Don’t get cute with foreign phrases unless you know what they mean to the letter. I read an article on Yahoo recently about businesses that are risky start-ups for aspiring entrepreneurs. One example was the restaurant business. At the end of an otherwise clear and cogent description of narrow profit margins and managerial skills was this two-word closer: Chef Emptor.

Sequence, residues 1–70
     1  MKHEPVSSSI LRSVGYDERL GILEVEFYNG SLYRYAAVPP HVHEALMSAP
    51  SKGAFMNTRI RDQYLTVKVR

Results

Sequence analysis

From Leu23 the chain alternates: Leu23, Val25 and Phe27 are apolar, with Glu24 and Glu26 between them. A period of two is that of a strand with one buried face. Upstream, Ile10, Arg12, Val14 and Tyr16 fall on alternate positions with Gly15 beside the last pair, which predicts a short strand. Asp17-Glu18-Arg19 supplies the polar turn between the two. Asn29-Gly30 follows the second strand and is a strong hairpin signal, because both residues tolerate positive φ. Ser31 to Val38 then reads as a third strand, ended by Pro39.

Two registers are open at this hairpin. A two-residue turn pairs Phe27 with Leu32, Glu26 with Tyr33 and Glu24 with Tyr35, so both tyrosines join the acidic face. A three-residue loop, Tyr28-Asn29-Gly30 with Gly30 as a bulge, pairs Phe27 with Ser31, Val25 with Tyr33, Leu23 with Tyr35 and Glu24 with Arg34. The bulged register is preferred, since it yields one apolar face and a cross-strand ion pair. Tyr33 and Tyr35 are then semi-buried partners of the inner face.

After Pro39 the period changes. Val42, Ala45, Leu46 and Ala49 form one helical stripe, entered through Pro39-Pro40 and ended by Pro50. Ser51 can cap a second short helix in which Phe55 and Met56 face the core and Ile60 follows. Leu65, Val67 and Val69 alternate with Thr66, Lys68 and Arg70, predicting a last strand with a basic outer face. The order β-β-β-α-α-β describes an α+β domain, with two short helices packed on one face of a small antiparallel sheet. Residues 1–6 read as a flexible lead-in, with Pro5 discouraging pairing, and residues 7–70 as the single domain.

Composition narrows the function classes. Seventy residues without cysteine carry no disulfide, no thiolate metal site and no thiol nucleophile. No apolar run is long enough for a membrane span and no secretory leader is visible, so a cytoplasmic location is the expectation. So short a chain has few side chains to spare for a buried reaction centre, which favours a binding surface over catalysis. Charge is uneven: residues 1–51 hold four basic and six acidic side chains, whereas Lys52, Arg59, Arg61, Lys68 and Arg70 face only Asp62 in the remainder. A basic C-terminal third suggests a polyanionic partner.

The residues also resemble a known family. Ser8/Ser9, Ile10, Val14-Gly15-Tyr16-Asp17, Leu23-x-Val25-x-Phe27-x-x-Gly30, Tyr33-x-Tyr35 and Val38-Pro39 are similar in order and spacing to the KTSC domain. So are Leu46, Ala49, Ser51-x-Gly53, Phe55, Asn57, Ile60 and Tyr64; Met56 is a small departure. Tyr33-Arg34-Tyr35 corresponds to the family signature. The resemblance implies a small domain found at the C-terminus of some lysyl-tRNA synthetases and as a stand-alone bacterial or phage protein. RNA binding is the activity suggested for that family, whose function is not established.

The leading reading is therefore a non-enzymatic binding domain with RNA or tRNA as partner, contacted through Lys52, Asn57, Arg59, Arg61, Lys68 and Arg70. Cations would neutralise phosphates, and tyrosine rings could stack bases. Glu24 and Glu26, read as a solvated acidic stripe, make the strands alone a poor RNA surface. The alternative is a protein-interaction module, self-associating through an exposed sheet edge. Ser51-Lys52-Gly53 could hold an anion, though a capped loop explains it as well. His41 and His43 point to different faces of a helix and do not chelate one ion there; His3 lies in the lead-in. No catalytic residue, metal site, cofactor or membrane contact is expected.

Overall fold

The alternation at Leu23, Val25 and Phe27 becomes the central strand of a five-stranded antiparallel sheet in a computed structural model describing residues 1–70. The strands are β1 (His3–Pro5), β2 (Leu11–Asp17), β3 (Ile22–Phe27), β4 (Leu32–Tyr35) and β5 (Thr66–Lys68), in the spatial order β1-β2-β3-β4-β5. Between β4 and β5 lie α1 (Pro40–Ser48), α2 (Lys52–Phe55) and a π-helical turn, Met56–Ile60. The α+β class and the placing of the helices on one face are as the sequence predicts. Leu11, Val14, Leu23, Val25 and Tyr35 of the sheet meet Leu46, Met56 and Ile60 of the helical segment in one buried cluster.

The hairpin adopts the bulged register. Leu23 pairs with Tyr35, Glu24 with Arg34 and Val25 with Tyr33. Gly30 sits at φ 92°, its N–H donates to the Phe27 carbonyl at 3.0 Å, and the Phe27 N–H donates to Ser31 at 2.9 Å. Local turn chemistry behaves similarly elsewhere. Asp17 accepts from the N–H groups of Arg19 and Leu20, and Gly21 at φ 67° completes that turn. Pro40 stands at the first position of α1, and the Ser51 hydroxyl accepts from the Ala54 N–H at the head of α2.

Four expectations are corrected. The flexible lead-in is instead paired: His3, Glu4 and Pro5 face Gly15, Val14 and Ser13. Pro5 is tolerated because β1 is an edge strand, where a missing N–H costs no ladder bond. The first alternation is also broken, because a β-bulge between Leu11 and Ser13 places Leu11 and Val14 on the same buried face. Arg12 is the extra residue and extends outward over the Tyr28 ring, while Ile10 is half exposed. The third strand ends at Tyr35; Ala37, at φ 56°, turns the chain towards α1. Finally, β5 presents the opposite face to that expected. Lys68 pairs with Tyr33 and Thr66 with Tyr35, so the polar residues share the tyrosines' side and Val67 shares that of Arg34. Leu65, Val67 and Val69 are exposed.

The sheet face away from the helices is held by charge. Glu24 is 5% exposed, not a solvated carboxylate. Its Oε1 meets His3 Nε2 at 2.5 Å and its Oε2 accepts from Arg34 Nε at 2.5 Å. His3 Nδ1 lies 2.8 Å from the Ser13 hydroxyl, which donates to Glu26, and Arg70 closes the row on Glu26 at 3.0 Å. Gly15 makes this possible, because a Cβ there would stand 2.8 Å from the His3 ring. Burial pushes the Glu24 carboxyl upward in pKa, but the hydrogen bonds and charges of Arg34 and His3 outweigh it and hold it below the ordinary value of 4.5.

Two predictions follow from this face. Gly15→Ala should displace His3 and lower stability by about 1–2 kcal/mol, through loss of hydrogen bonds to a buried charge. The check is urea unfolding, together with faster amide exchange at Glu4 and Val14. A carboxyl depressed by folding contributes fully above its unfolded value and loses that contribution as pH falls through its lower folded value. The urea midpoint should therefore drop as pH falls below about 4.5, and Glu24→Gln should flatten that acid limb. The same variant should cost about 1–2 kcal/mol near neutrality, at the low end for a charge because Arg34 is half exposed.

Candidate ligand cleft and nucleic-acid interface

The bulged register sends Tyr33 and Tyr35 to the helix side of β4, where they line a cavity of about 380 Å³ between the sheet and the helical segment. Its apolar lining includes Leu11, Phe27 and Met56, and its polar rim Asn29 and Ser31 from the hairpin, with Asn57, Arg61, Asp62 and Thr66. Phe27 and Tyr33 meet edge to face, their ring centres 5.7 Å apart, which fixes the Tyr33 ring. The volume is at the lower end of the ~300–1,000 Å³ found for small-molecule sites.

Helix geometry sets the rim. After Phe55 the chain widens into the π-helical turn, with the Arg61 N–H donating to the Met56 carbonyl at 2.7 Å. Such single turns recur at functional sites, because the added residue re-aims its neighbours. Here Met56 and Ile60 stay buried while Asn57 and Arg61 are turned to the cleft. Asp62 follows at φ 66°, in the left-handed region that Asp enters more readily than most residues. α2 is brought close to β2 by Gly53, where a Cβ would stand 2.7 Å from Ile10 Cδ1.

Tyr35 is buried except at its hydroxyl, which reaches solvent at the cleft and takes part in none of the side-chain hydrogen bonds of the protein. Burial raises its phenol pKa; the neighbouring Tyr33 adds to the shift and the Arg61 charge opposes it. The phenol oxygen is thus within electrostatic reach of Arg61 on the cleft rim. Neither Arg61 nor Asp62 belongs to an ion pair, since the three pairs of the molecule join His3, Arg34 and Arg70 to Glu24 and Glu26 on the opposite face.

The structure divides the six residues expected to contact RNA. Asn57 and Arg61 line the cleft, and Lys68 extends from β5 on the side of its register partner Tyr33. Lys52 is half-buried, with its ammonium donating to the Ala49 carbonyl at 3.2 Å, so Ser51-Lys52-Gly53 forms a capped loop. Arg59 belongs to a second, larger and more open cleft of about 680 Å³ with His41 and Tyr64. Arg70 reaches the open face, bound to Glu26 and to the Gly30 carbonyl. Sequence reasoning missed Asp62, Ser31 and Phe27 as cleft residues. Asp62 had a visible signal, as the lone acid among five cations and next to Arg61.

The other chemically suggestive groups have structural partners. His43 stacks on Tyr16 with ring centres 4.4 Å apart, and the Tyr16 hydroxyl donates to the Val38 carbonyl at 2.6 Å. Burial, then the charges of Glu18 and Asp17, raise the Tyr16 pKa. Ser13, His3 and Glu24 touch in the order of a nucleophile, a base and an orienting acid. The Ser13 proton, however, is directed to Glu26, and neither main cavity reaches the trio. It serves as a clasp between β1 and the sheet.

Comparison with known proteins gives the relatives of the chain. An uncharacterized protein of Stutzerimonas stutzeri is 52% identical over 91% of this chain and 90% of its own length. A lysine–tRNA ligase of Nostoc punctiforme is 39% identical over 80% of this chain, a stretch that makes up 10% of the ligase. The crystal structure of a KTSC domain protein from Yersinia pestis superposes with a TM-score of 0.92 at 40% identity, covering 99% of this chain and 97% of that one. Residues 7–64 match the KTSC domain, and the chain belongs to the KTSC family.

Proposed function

The writers (there were two of them; you’d think one of them would have caught this) were trying to say “chef beware,” based on caveat emptor, meaning “let the buyer beware.” Too bad they actually said “chef buyer.” Caveat means warning, emptor means buyer.
Of course, it’s not just the writers’ fault. Where was the copy editor in all this? Oh wait, this was on-line. What copy editor?